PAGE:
Andrew Turner of the HighEarthOrbit.com blog, reported on his work developing VoteReport:
an open public reporting system to be used during the 2008 US Election to track the situation as citizens cast their ballots. The simple goal is to make it easy for anyone to send in a report describing the wait time, overall rating and any complications that are impairing their ability to participate in the election. For more information check out http://twittervotereport.com.
The system gathers and maps information from voter reports via a backend that aggregates together Twitter, SMS, voice, iPhone and Android native applications, and even YouTube and presents it in a visually appealing map layout. They also provide a range of feeds in OpenSearch XML, KML, GeoRSS & GeoJSON for others that might use the data on their own maps.
It combines not just deep local data but near real time local data with a map in way that contribute to our understanding of real events on the ground and help us make different decisions in our life. Its a cool use of technology and gives a glimpse of the power maps when combined with social tools and mobile technologies.
I have included an iframe of the map below. If it doesn’t load correctly or loads too slowly, visit their site, http://votereport.us/reports/map to see this product work.
Coverage of my shenanigans vìs-a-vìs Microsoft’s listing in Google Maps has been wider than just the search industry. Regardless, a number of writers have ascribed intentions and feelings to me that seem to drift toward the dramatic and away from reality.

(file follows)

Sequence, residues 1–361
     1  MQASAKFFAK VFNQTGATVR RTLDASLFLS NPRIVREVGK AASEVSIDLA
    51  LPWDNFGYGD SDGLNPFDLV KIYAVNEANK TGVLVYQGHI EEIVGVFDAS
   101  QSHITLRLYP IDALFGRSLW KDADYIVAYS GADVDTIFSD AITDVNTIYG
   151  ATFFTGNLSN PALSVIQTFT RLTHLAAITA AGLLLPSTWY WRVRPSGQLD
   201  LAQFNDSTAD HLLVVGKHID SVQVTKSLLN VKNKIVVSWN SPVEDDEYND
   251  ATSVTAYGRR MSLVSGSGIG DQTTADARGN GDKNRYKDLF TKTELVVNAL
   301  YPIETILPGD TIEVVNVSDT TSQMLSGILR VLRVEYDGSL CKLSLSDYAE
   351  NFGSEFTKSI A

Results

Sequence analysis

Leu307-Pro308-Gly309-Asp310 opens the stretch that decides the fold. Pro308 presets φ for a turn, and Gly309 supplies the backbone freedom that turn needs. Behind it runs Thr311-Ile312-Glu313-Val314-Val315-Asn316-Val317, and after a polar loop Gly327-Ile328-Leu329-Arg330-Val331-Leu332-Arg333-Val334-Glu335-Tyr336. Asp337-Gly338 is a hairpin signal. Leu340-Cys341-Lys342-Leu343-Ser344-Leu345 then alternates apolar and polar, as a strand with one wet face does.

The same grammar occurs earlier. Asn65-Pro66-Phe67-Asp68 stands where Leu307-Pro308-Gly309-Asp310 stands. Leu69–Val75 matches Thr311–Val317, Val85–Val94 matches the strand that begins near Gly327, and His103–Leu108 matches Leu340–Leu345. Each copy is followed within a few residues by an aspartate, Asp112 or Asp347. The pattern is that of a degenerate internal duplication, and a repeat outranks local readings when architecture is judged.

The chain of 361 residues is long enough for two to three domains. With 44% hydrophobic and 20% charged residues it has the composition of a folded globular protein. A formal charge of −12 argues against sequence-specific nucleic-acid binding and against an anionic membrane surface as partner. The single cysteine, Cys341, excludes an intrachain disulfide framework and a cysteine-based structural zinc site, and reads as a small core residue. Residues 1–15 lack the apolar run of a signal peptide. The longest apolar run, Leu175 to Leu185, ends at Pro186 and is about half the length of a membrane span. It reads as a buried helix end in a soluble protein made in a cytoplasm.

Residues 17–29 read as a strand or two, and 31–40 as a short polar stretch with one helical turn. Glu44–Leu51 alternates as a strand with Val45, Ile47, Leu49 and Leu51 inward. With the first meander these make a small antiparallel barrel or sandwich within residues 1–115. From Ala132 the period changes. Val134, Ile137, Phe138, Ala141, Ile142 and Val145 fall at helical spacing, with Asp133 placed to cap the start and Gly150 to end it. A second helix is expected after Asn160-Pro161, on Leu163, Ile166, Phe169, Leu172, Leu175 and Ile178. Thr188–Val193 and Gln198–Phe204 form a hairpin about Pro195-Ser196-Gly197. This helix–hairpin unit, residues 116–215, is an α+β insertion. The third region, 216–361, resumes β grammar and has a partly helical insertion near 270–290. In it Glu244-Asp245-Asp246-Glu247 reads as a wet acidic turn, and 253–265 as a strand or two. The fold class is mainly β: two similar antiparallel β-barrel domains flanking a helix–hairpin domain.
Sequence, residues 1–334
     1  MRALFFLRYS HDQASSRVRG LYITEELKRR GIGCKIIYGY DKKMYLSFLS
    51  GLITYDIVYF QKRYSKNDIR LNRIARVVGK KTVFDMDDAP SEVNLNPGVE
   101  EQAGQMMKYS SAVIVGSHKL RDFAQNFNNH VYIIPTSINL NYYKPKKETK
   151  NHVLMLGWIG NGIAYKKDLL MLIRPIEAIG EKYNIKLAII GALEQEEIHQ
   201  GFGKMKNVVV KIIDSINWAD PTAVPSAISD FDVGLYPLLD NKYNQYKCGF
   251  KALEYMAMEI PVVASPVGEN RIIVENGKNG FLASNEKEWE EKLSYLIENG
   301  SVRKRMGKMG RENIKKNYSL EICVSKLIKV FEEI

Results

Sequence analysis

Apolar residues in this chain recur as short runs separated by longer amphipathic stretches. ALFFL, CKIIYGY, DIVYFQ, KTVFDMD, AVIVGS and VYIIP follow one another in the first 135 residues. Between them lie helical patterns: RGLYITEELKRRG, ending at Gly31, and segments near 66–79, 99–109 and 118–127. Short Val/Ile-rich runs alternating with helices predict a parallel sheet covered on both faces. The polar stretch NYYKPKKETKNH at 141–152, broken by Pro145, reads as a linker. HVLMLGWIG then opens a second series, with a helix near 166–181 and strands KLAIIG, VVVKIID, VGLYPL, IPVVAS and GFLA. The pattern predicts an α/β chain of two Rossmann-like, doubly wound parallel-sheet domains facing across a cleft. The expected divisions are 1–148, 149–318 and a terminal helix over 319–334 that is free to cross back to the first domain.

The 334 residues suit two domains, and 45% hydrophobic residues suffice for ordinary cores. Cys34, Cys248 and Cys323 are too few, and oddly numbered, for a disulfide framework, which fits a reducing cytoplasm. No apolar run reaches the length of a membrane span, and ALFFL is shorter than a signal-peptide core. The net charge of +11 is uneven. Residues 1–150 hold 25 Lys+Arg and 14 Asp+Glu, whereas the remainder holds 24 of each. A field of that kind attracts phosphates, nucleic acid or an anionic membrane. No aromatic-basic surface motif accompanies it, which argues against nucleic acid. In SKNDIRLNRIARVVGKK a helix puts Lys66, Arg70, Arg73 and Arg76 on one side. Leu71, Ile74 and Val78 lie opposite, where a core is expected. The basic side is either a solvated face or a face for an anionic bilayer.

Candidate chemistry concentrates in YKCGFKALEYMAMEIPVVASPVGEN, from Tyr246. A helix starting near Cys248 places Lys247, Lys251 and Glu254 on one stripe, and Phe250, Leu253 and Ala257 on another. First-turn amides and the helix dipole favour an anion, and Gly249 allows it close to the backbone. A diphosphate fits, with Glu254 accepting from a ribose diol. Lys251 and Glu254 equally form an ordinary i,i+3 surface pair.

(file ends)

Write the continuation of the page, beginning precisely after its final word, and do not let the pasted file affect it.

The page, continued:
From the Silicon Alley Insider: “An angry small business advocate has his revenge”. and “Mike Blumenthal, who’s been covering the topic obsessively,”. Well obsessive maybe but angry?
From SeoRoundtable: “I guess he got sick of covering the issues and not much being done about stopping it. He decided to do something a bit extreme. He hijacked Microsoft’s listing in Google Maps and made them a Microsoft Escort Service. He also messed around with profiles, here is one example:” To defend my honor, it was Danny that messed around with profiles. I did everything under my public profile and no, it isn’t SBrin. And anyways, “a bit extreme” is roughly akin to sort of pregnant.
I liked Danny’s read on the effort in SEL: Mike Blumenthal has been diligently covering how local listings can be hijacked in Google Maps. He’s also been frustrated that Google doesn’t seem to be fixing the local hijacking problem. Although even the word frustration ascribes an emotion that I don’t actually feel.
I think Hyped.nl in Holland captured it best when he said: “Grapjas maakt van Microsoft een escort service” which translated in Google Maps to: Funny makes Microsoft an escort service. Martijn where are you when I need you ?
For those writers that actually care about my motivations and feelings, it comes from a passion for Local, a desire to know all that I can know. While I do empathize with small business folks, having been one for many years, I really just want local to be all that it can be (is it ok to use that Army clichè here?) and not just another cesspool of illicit blowhard marketing. I think Google has the best chance of taking local to the promised land, but and this is a big but, only if they put integrity of local data at the top of their list.
A bit extreme? Angry? Obsessive? Hrmph! As Curley used to say I resemble that remark!
Ultimately, for me the questions are: Did my “prank”, help or hurt Local? Did I cross some ethical boundary? Let me know what you think!